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Client Success Stories

Megan, Tony & Lukas: “What I see in Megan is the determination to keep on keeping on."

In what could only be described as an extreme act of kindness, 12 Naperville area businesses came together to completely make over the apartment inhabited by Bridge Communities graduate Megan DeAngelis and her two sons.  Megan and her boys were previously homeless, successfully completed Bridge’s Transitional Housing Program and are now renting an apartment through Bridge Communities’ Pathways Program, which offers affordable housing at a below-fair-market price.

The makeover, coordinated by Vicky Joseph, Bridge Communities’ Naperville Outreach Coordinator, brought together 12 incredibly generous business leaders interested in giving back in their own community, which has been so supportive of them.  The team includes:  Those generous contributors are: Ken Limong, Applied Construction Concepts; Dave Martin, Russell Martin Carpet and Rugs; Debra and Doug Lellbach, Lellbach Builders; Bob Jung, Bob Jung Painting and Decorating; Jeannie Triezenberg, Hire Order; Troy Marcum, Sherwin-Williams; Art Balducci, Ashley Furniture HomeStore Naperville; Chris Cash, Paul and Mary Ann Junkroski, Roseland Draperies and Interiors; Mark Brown, M Brown and Associates; Tony DiSandro, HomeGoods; Matt Stout, SikichNeil Gates, Photographer; Cara Phillips, Studio 41; Patrick McCliney, Pro Source; and Chuck Cozette and Lauren Dixon, West Suburban Living Magazine.

Georgette: “When you’ve been down so long, your mind is used to being down.”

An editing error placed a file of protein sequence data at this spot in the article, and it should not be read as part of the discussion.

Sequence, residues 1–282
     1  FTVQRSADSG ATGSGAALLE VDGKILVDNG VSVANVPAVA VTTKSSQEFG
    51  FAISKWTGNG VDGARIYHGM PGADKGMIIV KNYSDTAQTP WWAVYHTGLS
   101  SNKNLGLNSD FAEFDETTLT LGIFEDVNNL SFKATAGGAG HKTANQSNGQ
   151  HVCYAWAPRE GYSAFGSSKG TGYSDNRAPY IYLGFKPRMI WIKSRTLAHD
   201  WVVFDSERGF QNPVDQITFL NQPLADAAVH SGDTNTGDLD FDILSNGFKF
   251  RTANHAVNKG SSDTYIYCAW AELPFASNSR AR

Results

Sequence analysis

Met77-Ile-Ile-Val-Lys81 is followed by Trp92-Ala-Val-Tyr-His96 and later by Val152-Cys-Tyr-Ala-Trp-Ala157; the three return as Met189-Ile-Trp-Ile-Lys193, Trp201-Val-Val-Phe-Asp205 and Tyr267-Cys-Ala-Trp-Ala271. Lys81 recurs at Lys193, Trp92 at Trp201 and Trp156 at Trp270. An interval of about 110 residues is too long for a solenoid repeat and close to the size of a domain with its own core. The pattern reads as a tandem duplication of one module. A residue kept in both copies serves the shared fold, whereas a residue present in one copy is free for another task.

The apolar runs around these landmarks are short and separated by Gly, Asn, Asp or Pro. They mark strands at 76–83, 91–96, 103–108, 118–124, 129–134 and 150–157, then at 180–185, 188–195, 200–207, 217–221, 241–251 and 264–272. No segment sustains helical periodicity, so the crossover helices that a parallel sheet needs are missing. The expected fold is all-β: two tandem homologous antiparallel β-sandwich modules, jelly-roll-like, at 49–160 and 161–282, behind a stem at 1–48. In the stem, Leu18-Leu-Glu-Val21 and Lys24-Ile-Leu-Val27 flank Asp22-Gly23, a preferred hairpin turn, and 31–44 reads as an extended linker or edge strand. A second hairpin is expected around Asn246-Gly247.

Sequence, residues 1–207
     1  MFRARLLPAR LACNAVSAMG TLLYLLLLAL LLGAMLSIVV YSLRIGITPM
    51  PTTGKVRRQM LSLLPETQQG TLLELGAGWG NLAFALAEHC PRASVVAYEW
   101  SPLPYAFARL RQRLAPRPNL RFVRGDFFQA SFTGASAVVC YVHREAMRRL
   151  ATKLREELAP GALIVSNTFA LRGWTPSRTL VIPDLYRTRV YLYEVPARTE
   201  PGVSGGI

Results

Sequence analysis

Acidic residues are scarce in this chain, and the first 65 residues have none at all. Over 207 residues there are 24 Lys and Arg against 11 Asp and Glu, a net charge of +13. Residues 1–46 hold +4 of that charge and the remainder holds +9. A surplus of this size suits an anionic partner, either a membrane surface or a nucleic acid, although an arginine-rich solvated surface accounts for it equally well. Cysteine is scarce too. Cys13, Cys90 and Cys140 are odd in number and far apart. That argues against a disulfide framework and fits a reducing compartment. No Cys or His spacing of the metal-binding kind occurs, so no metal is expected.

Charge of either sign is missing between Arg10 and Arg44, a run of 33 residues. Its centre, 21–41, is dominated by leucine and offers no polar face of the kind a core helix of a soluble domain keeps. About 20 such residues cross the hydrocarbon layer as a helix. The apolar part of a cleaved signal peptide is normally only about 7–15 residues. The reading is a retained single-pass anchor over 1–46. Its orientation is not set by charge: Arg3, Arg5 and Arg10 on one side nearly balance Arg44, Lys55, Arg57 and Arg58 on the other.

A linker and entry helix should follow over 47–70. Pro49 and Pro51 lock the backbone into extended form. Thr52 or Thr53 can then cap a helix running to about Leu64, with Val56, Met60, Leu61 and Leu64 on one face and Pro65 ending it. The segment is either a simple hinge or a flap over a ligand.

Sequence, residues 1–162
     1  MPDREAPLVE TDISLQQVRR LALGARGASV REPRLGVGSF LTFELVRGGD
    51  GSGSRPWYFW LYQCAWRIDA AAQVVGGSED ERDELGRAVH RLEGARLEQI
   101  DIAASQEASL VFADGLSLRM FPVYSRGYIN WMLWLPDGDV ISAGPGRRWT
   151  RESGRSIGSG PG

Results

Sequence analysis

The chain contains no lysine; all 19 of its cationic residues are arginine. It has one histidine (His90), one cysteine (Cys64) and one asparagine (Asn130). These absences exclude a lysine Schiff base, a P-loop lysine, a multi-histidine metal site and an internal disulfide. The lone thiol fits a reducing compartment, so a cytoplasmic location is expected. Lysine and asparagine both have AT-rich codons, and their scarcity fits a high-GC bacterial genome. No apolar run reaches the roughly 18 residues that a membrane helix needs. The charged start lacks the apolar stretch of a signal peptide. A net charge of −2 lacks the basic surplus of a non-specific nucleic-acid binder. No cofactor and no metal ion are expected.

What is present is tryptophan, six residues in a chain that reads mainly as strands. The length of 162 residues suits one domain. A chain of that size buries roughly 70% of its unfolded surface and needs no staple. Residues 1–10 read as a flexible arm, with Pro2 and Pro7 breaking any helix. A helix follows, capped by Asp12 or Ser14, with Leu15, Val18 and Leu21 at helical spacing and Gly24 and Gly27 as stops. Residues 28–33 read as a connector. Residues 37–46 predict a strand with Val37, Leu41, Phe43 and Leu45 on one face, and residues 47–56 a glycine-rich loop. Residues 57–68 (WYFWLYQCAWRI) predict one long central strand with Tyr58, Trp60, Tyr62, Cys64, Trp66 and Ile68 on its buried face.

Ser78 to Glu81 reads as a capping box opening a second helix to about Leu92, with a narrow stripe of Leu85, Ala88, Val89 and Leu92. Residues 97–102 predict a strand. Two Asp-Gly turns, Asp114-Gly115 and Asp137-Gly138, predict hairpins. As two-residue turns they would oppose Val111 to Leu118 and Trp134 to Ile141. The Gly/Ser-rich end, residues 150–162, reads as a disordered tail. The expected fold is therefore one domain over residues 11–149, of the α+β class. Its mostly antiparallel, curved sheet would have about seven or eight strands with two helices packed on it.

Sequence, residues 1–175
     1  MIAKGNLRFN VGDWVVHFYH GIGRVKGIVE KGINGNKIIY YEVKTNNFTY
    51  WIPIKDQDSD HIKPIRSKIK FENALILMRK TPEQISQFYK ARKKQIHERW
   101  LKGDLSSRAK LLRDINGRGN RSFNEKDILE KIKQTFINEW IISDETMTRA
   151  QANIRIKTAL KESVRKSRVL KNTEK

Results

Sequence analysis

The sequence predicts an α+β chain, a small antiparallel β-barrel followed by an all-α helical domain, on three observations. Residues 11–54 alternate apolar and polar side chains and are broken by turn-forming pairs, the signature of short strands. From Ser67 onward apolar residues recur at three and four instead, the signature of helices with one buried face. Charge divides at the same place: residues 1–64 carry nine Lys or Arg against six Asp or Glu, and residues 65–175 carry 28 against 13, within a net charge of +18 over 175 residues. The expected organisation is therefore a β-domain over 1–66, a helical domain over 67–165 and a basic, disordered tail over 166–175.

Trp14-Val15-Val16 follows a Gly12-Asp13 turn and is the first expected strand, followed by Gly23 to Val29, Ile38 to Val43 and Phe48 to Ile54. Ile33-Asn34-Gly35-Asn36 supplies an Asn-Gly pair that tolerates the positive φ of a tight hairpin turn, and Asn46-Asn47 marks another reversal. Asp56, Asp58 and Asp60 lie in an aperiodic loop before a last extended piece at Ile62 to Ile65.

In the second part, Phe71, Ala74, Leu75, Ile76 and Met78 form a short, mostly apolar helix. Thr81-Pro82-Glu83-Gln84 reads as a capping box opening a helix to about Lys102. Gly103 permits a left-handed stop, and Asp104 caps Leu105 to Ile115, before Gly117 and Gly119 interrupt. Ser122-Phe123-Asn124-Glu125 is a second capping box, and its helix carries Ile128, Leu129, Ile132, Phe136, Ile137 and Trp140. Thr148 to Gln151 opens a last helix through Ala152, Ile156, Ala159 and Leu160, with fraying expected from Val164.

Georgette was a parent from the word ‘go’, having run away from home at 13 after her mother passed away and taking legal guardianship of her younger siblings at only 16.  She dropped out of school and worked two jobs to support herself and her siblings.  At 21, Georgette had a daughter of her own, followed by a son five years later.

Georgette worked hard to support her children, and eventually they got a home of their own.  Only a few months later, the house caught fire, and Georgette, her eight year old daughter and three year old son were forced into homelessness.

Sue: "I felt like I was juggling chaos.”

"I felt like I was juggling chaos,” says Sue of her life before entering the Bridge Communities transitional housing program.  “My kids and I spent years moving from place to place with my abusive husband before we landed in the domestic violence shelter and then in my parents’ basement.  Then it became too difficult to stay there and I didn't know where we would go.”

Two years ago, Sue was taking some general education classes at College of DuPage (COD) with plans to apply to the nursing program there.  In between classes, she drove a school bus and struggled alone parenting her two pre-teens, Kayla and Vince.  In addition, she volunteered for “Journey Home,” a Christian ministry serving domestic violence victims. Another counselor there told her about the Bridge program.

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